Something that I tell my students is that their only job is to find the next move and that anything else (results, rating, prizes etc) is a distraction. I particularly like this because of its parallels in the meditative arts and the monkey mind which seeks to distract you.

There are also external distractions such as noisy playing environments and opponents who want to win by non chess means. In such cases I can recommend ear plugs or even ear defenders for the hypersensitive, plus a reasonable degree of assertiveness to complain to your opponent and/or the arbiter.

Before I took up tai chi I had a much greater need of ear plugs and in a way they might have helped me get the Grandmaster title. In Gausdal in 1993 I was wearing them in my game against Yuri Razuvaev and wasn’t sure whether or not he had offered a draw. As it would have been unseemly to clarify (“Did you just offer me a draw?”) I kept on playing and won. And this was an important stepping stone on the way to another norm.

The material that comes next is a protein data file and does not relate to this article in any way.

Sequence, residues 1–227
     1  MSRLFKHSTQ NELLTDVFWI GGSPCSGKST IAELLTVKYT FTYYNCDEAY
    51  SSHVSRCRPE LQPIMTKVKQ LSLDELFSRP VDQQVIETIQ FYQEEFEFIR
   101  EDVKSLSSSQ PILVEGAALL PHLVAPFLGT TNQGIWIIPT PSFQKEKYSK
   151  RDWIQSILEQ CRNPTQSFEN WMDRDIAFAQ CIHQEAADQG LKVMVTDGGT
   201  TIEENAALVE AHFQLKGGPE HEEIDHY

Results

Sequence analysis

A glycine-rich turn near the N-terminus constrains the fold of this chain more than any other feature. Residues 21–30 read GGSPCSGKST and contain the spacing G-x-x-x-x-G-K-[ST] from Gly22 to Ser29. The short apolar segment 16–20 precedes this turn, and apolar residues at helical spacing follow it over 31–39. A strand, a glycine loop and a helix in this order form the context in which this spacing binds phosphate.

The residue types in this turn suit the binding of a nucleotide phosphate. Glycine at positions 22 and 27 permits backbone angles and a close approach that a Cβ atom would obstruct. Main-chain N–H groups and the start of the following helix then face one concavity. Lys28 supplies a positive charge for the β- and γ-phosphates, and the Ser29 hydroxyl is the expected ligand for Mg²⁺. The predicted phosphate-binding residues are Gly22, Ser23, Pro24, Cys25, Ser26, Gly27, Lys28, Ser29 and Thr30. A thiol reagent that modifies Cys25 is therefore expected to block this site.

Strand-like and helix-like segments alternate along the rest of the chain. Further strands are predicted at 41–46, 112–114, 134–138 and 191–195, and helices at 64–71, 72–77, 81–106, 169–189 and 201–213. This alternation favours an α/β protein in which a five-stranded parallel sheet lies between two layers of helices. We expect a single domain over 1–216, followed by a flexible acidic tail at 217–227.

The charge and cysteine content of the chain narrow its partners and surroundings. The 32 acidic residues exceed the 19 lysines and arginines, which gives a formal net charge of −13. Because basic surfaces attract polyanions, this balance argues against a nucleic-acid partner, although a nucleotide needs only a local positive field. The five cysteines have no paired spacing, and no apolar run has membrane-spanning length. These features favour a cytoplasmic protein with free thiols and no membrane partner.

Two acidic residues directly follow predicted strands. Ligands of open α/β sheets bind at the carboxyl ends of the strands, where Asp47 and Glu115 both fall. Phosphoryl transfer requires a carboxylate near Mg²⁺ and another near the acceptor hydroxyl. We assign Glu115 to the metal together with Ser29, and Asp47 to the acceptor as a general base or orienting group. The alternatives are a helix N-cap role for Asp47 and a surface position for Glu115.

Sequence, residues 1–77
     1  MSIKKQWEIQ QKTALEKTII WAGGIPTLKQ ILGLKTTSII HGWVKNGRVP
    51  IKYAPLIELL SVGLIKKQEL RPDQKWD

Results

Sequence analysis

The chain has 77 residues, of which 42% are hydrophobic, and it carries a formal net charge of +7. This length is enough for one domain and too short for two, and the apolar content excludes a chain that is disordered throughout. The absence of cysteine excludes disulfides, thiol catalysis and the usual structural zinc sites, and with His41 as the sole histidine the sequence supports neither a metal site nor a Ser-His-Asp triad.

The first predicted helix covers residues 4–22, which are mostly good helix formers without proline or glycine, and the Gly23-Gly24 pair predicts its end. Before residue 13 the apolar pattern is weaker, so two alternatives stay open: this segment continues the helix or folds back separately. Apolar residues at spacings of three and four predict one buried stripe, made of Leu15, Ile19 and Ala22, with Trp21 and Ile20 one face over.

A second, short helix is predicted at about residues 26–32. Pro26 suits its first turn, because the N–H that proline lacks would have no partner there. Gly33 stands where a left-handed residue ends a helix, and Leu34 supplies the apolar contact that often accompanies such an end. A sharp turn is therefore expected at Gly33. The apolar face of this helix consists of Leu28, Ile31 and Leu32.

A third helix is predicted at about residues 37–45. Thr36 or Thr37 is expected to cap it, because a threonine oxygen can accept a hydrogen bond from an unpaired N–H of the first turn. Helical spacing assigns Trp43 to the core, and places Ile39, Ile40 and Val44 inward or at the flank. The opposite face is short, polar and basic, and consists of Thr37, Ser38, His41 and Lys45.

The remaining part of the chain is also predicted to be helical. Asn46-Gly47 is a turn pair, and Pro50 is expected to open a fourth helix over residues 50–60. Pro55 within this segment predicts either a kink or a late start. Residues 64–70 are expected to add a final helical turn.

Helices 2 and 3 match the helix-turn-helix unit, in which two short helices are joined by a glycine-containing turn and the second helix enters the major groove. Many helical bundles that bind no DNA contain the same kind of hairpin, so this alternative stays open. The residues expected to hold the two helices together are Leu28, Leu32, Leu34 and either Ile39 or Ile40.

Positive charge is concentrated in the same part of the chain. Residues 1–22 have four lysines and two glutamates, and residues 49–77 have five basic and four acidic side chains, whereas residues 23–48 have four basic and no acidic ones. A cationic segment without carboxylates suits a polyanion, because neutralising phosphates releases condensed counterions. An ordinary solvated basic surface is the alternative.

Author: NigelD

Nigel Davies is an International Chess Grandmaster living in St. Helens in the UK. The winner of 15 international tournaments he is also a former British U21 and British Open Quickplay Champion and has represented both England and Wales on several occasions. These days Nigel teaches chess through his chess training web site, Tiger Chess, which has articles, recommendations, a monthly clinic, videos and courses. His students include his 15 year old son Sam who is making rapid progress with his game. Nigel has written a number of chess books that are available at Amazon: